This park, behind the Pitti Palace, staged along the slope of the hills of Boboli (320,000 square meters) and is accessible also from the Piazza. The name was probably derived from the "Borgoli" or "Borgolini" family, who owned houses and land in this area.

The fame of the Boboli Gardens however originated with the Medici's, who called Niccolò Pericoli, nicknamed the "Tribolo", to design the garden. Between 1150 and 1558 - the year the artist died - he created the Boboli, his work of art of "green architecture".

As a model for all the royal gardens of Europe including Versailles, the park was soon enriched by creations of Buontalenti, from the fountains and statues of Amannati, Gianbologna, Tacca and in the end completed by Giulio and Alfonso Parigi (1631-1656). The two architects, father and son, constructed the Amphitheater in stone, the avenue named "Viottolone" and the square with the bath of Isolotto.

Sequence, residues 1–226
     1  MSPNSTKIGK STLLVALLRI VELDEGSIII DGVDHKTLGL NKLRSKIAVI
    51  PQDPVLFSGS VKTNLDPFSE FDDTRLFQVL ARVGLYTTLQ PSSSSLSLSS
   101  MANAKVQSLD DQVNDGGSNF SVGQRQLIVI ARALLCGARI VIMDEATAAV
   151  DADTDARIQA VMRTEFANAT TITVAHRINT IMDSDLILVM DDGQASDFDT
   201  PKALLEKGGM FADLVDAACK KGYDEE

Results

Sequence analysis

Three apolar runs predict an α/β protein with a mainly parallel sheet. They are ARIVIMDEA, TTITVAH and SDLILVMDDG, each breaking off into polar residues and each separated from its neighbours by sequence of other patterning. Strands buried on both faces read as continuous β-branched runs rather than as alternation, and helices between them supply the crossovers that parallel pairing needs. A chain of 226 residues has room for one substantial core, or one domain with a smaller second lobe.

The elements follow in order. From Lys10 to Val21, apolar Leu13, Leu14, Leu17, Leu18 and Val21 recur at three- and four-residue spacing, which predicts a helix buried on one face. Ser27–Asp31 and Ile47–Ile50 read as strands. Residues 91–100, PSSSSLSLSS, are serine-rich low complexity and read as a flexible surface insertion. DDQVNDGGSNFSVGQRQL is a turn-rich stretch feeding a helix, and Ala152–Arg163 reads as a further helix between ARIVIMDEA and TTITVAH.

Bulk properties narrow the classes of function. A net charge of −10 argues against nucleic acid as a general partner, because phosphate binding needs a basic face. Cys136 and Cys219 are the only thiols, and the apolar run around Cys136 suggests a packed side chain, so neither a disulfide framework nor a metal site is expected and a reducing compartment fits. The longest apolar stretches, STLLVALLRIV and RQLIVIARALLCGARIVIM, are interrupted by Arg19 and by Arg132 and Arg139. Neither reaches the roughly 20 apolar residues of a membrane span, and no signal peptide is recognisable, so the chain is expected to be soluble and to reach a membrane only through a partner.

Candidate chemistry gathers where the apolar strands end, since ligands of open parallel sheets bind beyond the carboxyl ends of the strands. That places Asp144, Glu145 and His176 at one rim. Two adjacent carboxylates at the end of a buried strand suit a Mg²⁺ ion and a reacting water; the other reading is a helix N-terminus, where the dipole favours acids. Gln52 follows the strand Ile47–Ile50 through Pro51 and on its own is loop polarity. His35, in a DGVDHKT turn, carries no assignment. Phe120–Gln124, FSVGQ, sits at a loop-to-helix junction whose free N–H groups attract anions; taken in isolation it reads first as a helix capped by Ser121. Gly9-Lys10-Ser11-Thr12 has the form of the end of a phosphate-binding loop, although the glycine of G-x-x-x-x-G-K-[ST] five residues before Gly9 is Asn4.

The garden was opened to the public in 1776, by will of Pietro Leopoldo.